Storage-wise, the boot can swallow 543 litres of luggage (including an underfloor stowage area for the two charging cables), and its volume can grow to 1,575 litres by folding down the split rear seat backrest.  The lidded centre console storage area is long and wide with dividers that can be removed and reconfigured to suit. Two further cupholders are situated in front of that. The door bins are deep and flock-lined to avoid things clattering around.

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In the back, there is a similar amount of legroom to a Tiguan Allspace, while the headroom for all five-passengers is slightly better too. The flat floor means three people can sit quite comfortably in the back. The back of each front seat incorporates a magazine holder in the lower half and a phone pouch in the top half. That’s another neat idea.

Interior lighting

Taking the form of a wide yet narrow 54-LED strip beneath the windscreen, VW’s ‘ID. Light’ aims to assist the driver. Once seated, the system signals that the ID.4 is ready to drive. On the move and when the car is due to make a turn, following a route planned into the navigation system, the light moves to the left or right end of the strip accordingly. Having linked your phone to the car, when receiving a phone call, the strip will flash green. And while the car is charging, a green bar builds up from left to right representing the level of battery charge to see the status from a distance. Although such ‘look at this’ innovations feel a little quirky, they help it stand out in a rapidly growing electric SUV marketplace.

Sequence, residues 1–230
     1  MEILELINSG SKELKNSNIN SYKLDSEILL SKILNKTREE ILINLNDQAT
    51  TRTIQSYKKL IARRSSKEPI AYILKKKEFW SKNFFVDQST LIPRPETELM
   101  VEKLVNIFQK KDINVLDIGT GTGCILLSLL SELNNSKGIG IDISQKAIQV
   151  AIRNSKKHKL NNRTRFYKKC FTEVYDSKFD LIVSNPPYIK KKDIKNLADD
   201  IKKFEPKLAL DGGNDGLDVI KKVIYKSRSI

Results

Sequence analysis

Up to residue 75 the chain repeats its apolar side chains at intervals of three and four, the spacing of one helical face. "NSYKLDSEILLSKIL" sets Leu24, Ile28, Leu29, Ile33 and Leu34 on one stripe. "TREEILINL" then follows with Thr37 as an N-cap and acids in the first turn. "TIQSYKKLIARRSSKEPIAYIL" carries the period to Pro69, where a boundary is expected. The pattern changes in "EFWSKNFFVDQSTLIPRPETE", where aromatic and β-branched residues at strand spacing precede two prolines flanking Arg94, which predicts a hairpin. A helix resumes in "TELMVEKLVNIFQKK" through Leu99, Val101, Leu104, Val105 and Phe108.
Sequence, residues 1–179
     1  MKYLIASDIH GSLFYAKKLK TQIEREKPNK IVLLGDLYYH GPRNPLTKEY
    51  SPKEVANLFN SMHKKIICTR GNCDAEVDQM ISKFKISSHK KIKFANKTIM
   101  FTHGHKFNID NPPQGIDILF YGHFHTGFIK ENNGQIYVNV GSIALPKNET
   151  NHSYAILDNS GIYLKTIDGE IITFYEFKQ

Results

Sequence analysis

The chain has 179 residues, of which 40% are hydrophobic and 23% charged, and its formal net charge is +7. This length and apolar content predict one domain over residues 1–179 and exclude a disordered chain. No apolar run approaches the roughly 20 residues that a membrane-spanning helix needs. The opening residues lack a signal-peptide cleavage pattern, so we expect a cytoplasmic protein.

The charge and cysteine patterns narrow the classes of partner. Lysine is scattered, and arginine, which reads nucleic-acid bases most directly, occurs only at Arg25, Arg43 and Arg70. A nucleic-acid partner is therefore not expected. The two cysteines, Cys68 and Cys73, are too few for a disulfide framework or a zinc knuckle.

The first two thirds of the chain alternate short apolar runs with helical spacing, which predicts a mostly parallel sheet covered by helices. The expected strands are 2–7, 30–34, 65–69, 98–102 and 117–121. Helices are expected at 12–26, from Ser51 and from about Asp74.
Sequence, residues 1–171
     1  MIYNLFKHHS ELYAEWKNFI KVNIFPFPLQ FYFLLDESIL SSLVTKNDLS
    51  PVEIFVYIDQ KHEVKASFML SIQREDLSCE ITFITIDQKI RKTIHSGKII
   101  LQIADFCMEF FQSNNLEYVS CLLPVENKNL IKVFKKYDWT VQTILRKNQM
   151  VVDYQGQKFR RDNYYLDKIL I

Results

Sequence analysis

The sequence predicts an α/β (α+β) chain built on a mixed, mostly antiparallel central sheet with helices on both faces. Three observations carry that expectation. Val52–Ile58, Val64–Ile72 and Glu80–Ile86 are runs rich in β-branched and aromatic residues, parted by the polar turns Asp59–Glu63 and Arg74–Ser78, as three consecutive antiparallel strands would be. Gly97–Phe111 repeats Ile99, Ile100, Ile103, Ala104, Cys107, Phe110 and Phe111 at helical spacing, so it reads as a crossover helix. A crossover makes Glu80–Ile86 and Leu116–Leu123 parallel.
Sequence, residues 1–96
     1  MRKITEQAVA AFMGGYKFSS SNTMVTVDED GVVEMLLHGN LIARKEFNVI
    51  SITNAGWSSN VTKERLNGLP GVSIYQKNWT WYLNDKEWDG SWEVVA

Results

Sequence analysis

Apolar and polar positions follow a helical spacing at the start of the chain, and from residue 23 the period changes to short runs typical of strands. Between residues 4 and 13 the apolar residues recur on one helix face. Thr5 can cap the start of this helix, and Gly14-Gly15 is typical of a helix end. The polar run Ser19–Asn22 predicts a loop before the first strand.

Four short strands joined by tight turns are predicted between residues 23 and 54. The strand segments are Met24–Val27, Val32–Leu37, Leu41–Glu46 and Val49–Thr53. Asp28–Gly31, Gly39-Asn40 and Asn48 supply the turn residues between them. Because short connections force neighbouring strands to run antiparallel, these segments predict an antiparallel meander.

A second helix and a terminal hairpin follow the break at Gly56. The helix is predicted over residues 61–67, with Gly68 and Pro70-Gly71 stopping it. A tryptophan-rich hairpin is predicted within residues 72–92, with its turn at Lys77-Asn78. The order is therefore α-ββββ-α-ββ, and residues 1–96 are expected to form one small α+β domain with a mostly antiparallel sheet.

Augmented reality head-up display